Renewable generation capacity grew by 26 per cent from about 75,000 megawatts in 2005 to nearly 95,000 megawatts in 2015, according to the federal regulator’s report, Canada’s Renewable Power Landscape.

The report says hydroelectric power capacity grew by about nine per cent to over 79,000 megawatts during the decade.

WATCH: Is Vancouver’s renewable energy strategy a good one?

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Non-hydro renewables such as wind, solar and biomass grew more than six-fold, from 2,360 megawatts in 2005 to 15,600 in 2015.

Meanwhile, coal-fired power capacity declined by 6,230 megawatts and natural gas capacity increased by 8,400 megawatts.

“I think that’s one thing people don’t really understand (is) just how significant on a world scale Canada is on the renewable front,” said Milutinovic.

“It is fourth in the world on renewables after China, the U.S. and Brazil and it’s second in the world in terms of hydro production; only China is bigger.”

She says she expects the trend to renewable power to continue thanks to support from governments and consumers.

“Almost every province and territory has some sort of policy to encourage or promote renewables or support them,” she said.

“Things like Alberta moving off coal by 2030, 50 per cent renewables for power generation in Saskatchewan by 2030, all of those things offer strong support for renewables.”

READ MORE: Alberta communities begin preparing for life after coal

The report notes that 11 per cent of Canada’s greenhouse gas emissions came from the electricity sector in 2014, the latest year for which statistics were available. That’s down from about 16 per cent in 2005.

From 2000 to 2014, emissions from the power sector fell 40 per cent, the report says, due mainly to the phase out of coal in Ontario and initiatives to reduce emissions in Nova Scotia and New Brunswick.

Ontario and Nova Scotia have seen the largest gains in renewable power generation over the decade, with its proportion in Ontario increasing from 23 per cent to 34 per cent and in Nova Scotia from 12 per cent to 24 per cent, the report says.

Hydro is the dominant source of electricity in Canada accounting for 55 per cent of total installed capacity. Four provinces and one territory — British Columbia, Manitoba, Quebec, Newfoundland and Labrador, and Yukon — derive more than 85 per cent of their power from hydro.

Two provinces and a territory relied primarily on coal or natural gas for electricity in 2015: Alberta (90 per cent), Saskatchewan (83 per cent), and Nunavut (100 per cent).

Is CETA dead? Canada-EU trade deal in peril after Belgian decision

24/05/2019 Posted by admin

BRUSSELS – One of Belgium’s regional governments has voted to reject the wide-ranging CETA trade deal between the European Union and Canada, threatening a complex agreement that is supposed to be signed in two weeks.

The deal requires unanimous approval from the European Union’s member countries, including Belgium.

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READ MORE: Canada to send special envoy to meet with Belgium over CETA rejection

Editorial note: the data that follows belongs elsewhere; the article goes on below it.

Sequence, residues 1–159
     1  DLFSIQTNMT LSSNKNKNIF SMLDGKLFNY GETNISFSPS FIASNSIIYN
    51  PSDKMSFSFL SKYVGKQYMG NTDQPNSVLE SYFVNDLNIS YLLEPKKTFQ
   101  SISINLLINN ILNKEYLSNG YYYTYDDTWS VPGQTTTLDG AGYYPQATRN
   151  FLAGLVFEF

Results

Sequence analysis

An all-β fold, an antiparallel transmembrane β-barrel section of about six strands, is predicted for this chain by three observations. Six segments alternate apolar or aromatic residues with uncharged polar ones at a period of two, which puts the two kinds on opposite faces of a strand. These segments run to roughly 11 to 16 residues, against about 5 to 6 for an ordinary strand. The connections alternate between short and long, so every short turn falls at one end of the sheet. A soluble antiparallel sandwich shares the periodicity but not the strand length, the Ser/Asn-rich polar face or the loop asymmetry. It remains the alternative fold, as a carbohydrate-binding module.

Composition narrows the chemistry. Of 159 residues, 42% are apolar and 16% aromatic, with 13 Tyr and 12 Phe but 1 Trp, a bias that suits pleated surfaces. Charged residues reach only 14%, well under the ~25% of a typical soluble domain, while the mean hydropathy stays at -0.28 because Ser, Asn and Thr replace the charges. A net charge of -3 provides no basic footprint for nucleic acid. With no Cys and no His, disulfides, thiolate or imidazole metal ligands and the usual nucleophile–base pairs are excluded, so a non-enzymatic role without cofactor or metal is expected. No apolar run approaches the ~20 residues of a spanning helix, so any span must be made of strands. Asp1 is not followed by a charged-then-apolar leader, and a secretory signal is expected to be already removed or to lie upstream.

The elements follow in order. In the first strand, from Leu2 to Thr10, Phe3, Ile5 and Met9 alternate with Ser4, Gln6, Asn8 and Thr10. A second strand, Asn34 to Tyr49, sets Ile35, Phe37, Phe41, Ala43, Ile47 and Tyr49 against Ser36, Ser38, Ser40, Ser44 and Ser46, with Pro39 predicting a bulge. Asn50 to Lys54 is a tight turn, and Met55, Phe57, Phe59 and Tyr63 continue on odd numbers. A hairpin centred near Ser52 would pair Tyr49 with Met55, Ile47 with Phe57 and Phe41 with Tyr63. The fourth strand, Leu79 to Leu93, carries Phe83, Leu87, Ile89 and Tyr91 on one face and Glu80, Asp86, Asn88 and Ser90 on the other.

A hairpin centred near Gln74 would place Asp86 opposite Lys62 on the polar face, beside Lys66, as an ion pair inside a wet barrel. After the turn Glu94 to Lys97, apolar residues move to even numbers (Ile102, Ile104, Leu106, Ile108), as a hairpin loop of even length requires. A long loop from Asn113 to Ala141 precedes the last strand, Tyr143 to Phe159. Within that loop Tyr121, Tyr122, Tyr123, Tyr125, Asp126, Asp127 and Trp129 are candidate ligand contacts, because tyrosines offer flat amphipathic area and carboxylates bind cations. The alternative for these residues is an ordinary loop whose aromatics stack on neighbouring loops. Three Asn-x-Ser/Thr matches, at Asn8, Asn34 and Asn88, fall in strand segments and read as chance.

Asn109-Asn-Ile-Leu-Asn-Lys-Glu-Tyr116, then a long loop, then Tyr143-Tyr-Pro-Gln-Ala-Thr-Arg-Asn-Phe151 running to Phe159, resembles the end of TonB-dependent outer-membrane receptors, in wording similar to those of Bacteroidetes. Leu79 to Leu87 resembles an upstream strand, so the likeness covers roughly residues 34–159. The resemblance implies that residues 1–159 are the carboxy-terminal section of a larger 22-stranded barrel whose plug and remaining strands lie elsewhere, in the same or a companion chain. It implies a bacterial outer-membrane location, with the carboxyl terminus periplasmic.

Under Belgium’s constitutional rules, however, one of its three regions can effectively veto such a deal for the whole country.

Wallonia’s regional legislature rejected the deal by a 46-14 margin on Friday, with one abstention.

The francophone region of 3.5 million people fears the deal with Canada will leave the farming and industrial sectors too exposed to cheaper imports from Canada.

READ MORE: CETA: Protests against Canada-EU trade deal held across Germany 

Environmental activists and trade unions have all warned such international deals could worsen local standards for food, work and industry.

Paul Magnette, the leader of the region of Wallonia, said Friday he would “not give the full powers to the federal government” to back the deal at an EU meeting Tuesday, where the 28 member states have to decide on full approval of the agreement.

Magnette said that “the guarantees are insufficient” and said labour, environmental and legal standards needed to be improved before such a deal could be approved.

“We have to say ‘no’ so we can negotiate,” Magnette said.

The agreement has already been backed by an overwhelming majority of the 28 member nations of the EU, a bloc of half a billion people.

It is scheduled to be officially signed at an EU-Canada summit in Brussels with Prime Minister Justin Trudeau on Oct. 27, seven years after talks started under the previous Conservative government led by Stephen Harper.

READ MORE: CETA: Canada-EU trade deal has Germany’s approval, minister says

The Belgian national government and the dominant Dutch-speaking region on Flanders back the deal.

“We are certainly brave,” said Marie-Dominique Simonet of the Walloon Christian Democrat CdH party.

The Liberal MR party, which is also represented in the national government, was scathing. “You are taking Belgium and Europe hostage,” said Virginie Defrang-Firket in the legislature. “Nobody will trust us anymore,” she said.

The EU says the Comprehensive Economic and Trade Agreement deal with Canada will improve trade, create jobs, and remove just about all tariffs and custom duties while at the same time guaranteeing European standards on anything from food and health quality to labour rights.

For many, the CETA is only a prelude to an even bigger free trade deal, called TTIP, that is being negotiated with the United States, and which has given rise already to massive protests in several member states, including Belgium — and Wallonia.

Talks are planned ahead of Tuesday to see to whether Wallonia might withdraw its rejection.